The corrosion behaviour of WC-TiC-Co cemented carbides in alkaline solutions, N. Lin, Central South University, China

The effect of increasing titanium carbide (TiC) content on the corrosion behaviour of WC–10 wt% Co hardmetals was investigated in 1 M sodium hydroxide (NaOH) alkaline solution. Increasing TiC content makes the open circuit potential (OCP) in the test solutions more positive than the base alloy. Increasing TiC led to nobler free-corrosion potential value and decreasing corrosion current density. XRD results showed that the addition of TiC can reduce the corrosion of WC in the sodium hydroxide solution. SEM and X-Ray Photoemission Spectroscopy demonstrated that titanate formed in the surface films of the TiC content specimens in sodium hydroxide alkali. 

Microstructure analysis and mechanical properties of nbc-co/ni/cu/fe3al cemented carbides, S. Huang, Katholieke Universiteit Leuven, Belgium 

NbC has a high hardness (19.6 GPa) and melting temperature (3600°C), and is used as a grain growth inhibitor in WC-Co cemented carbides. In the present study, the influence of different binders on the sintering ability, microstructure and mechanical properties of NbC-matrix cemented carbides was investigated. The binders are Co, Ni, Fe3Al or Cu. The powder mixtures were sintered in the solid state by spark plasma sintering and in the liquid state by conventional vacuum sintering. The binders not only affected the densification but also the microstructure and mechanical properties. A limited NbC grain growth was found in the NbC-Cu and NbC-Fe3Al materials, whereas rapid grain growth occurred in the Co and Ni bonded NbC. A detailed microstructural analysis was conducted by electron probe microanalysis. Mechanical properties, such as Vickers hardness and indentation toughness were compared.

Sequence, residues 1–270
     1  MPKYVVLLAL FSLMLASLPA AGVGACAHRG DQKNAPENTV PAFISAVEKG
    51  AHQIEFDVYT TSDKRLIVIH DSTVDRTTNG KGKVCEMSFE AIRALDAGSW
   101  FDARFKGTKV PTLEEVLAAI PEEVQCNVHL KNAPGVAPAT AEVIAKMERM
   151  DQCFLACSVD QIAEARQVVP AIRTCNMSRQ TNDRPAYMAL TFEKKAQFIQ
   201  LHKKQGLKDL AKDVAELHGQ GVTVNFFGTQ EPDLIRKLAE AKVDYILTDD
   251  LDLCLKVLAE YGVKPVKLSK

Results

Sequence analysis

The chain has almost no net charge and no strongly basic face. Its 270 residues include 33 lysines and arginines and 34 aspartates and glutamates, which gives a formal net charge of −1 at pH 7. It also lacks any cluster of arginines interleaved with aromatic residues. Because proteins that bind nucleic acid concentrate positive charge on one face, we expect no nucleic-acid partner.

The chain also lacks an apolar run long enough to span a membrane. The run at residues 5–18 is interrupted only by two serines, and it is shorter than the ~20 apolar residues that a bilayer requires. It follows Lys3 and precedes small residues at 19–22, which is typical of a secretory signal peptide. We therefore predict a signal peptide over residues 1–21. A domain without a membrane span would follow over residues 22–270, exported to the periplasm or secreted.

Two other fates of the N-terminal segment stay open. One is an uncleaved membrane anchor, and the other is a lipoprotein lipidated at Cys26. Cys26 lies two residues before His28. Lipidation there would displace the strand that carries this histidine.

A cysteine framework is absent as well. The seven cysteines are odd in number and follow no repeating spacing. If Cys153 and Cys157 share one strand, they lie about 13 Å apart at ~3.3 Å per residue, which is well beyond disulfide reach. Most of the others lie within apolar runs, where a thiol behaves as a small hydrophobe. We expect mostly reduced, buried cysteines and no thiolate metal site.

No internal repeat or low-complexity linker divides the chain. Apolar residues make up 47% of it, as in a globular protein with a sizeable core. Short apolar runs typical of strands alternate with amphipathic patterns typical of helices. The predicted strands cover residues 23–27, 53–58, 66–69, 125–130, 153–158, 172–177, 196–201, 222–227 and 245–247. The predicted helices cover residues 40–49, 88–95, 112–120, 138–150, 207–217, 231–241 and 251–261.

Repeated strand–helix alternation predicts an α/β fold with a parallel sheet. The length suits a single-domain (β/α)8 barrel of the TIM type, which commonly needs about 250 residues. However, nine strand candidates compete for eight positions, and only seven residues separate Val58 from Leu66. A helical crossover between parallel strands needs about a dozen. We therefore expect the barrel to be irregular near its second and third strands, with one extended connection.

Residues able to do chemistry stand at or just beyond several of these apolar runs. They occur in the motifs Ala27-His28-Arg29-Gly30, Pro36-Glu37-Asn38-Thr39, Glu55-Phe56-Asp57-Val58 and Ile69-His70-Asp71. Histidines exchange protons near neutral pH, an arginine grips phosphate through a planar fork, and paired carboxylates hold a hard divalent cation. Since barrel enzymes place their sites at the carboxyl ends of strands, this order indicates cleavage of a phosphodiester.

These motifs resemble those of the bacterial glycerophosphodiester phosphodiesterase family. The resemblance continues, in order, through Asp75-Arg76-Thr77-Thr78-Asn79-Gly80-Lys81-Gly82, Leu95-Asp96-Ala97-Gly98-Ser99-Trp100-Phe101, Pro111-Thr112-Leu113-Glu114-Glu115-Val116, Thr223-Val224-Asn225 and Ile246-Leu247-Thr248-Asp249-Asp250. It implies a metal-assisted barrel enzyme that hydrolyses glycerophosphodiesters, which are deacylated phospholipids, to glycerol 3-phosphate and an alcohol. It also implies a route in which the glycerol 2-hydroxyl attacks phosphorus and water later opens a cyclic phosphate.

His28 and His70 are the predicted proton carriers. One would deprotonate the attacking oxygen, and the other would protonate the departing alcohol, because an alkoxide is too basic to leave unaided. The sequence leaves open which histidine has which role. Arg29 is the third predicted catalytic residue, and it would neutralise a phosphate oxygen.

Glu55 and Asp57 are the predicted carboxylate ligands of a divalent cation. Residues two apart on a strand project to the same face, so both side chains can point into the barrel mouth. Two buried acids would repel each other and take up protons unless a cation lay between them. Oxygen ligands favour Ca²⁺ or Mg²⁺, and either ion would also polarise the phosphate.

On the formation mechanism of TaC/TaNbC aggregation in WC-Co cemented carbides, J. Qu, Zhuzhou Cemented Carbide Cutting Tools Co., Ltd., China

The formation of TaNbC aggregation in WC-Co hardmetal when the content of TaNbC is about less than 0.5wt% can be easily found, resulting in nonuniform distribution of Co phase and aggregation of TaNbC phase in local zone. However, the formation mechanism of TaNbC aggregation is still uncertain. To further investigate the mechanism, temperature sintering experiments of WC-Co-TaNbC alloys (1200~1450°C) were conducted, and the microstructure evolution of TaNbC were exhibited by SEM/EDS. The results indicated that when the sintering temperature is above 1350°C, TaNbC started to be aggregated. With the increase of the sintering temperature, the aggregation area increased obviously. Besides, the results demonstrated that TaNbC aggregation were sensitively dependent on their content. The lowest additional content of TaNbC with disperse distributed in WC-Co alloy are their saturation solid solubility in Co phase. The formation of TaNbC aggregation is related to their nucleation and growths in cooling. Fast cooling can alleviate or even eliminate the TaNbC aggregation. 

Fatigue behaviour of cemented carbide based forming tools, K. Andreas, University of Erlangen-Nuremberg, Germany 

The increased demand for manifold industrial goods requires superior manufacturing techniques. In the field of steel products cold forging has gained importance for the last sixty years. Within cold forging the tool takes a key role as it determines accuracy and efficiency of forming process. Aside from tool construction, the choice of tool material has a decisive influence on tool life [ ]. Forming tools have to sustain heavy loads. For processes with high demands regarding wear resistance, cemented carbides are often used as tool materials. The forming process requires a certain profile of material properties with high hardness but also sufficient fracture toughness. In order to guarantee a certain amount of fracture toughness high Co-cemented carbides are applied in cold forging industry. However, due to the brittleness of cemented carbides fatigue is one of the major limits of tool life. Within the paper the fatigue behaviour of the grades G55 and G45C is investigated in a model test under laboratory conditions. The results show higher fatigue strength of G45C compared to G55. Since the surface integrity has a fundamental influence on the fatigue behaviour also different machining strategies for preparation of specimens were investigated. In this context the process chain “grinding + polishing” gains higher fatigue strength compared to the process combination “EDM + polishing”.